A: Three task forces are currently active. The first is the User Needs review, which is chaired by Charlene Wilder of FTA. The second is the Use Case/ Applications Area review, which is chaired by Brenda Boyce of Mixon/Hill, Inc. The third is Leveraging Opportunities, which is chaired by Steve Albert of the Montana State University Western Transportation Institute.

Q: A slide from your recent (9/24/04) ICC Meeting referred to "epic battles" between ITS standards and WMO standards. What exactly are WMO standards? Why are these standards competing and what might the Clarus initiative do to sort this issue out?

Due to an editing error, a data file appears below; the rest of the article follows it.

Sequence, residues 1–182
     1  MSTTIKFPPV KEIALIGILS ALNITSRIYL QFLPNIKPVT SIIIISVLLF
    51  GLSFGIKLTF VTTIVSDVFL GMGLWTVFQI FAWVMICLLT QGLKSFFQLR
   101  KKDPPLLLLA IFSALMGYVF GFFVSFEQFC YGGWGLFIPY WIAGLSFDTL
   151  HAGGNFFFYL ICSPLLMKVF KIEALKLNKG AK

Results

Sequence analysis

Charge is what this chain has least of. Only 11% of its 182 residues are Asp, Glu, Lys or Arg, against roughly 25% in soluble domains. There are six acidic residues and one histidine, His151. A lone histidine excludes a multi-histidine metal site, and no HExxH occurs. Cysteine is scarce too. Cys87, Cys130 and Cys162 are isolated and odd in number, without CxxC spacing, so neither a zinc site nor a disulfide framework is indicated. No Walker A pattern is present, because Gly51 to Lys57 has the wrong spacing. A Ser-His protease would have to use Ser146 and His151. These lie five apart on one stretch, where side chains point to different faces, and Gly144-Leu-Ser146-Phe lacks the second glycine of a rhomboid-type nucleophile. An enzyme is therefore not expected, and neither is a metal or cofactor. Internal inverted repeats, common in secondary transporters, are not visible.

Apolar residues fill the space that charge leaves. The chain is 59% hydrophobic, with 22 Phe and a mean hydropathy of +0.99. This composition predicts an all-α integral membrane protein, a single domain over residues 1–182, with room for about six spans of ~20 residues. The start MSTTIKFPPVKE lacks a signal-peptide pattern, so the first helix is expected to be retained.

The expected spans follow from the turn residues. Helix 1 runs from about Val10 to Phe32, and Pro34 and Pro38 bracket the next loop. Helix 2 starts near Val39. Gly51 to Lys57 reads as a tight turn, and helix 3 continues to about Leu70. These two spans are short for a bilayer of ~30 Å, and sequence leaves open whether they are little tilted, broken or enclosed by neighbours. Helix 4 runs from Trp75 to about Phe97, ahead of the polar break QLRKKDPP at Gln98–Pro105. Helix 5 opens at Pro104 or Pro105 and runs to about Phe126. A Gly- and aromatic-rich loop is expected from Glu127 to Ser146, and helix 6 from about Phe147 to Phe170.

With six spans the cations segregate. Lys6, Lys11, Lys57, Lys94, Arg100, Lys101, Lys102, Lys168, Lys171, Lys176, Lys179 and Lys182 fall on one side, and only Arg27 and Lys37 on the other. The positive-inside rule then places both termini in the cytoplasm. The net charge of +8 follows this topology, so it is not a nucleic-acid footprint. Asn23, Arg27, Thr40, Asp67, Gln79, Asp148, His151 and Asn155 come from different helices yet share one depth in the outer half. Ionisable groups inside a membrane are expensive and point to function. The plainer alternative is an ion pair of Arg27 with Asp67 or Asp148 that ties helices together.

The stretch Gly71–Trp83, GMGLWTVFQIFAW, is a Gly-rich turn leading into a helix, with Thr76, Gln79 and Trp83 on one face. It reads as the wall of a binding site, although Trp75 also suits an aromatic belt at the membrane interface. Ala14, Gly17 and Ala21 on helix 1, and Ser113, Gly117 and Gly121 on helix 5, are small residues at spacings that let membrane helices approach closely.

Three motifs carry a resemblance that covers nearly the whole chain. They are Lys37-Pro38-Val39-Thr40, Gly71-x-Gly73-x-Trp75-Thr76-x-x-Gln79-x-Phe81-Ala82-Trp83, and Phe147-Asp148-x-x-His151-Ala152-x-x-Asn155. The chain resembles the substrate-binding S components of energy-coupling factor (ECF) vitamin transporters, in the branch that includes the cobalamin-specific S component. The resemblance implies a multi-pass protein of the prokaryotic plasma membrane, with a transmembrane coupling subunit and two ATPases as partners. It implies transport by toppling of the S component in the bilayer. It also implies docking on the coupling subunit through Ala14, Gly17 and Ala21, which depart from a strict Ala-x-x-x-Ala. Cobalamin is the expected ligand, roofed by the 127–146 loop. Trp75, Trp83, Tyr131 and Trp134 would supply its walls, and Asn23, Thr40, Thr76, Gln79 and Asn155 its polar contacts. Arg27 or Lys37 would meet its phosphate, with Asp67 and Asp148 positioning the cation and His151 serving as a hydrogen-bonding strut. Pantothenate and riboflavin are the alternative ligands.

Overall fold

A: The WMO is the World Meteorological Organization – the body responsible for developing and managing weather standards. Through Clarus and related efforts, two different "worlds" – the weather world and the transportation world – will soon overlap when it comes to sharing data. We’ll soon have systems using weather standards and ITS standards that will not be able to talk to each other. While it may be easy to say that we just need to develop translators between the two worlds, we don’t yet know where and how such processes will take place. Through Clarus we will better define those conflicts, and then develop solutions to ease and enable data sharing between these two worlds.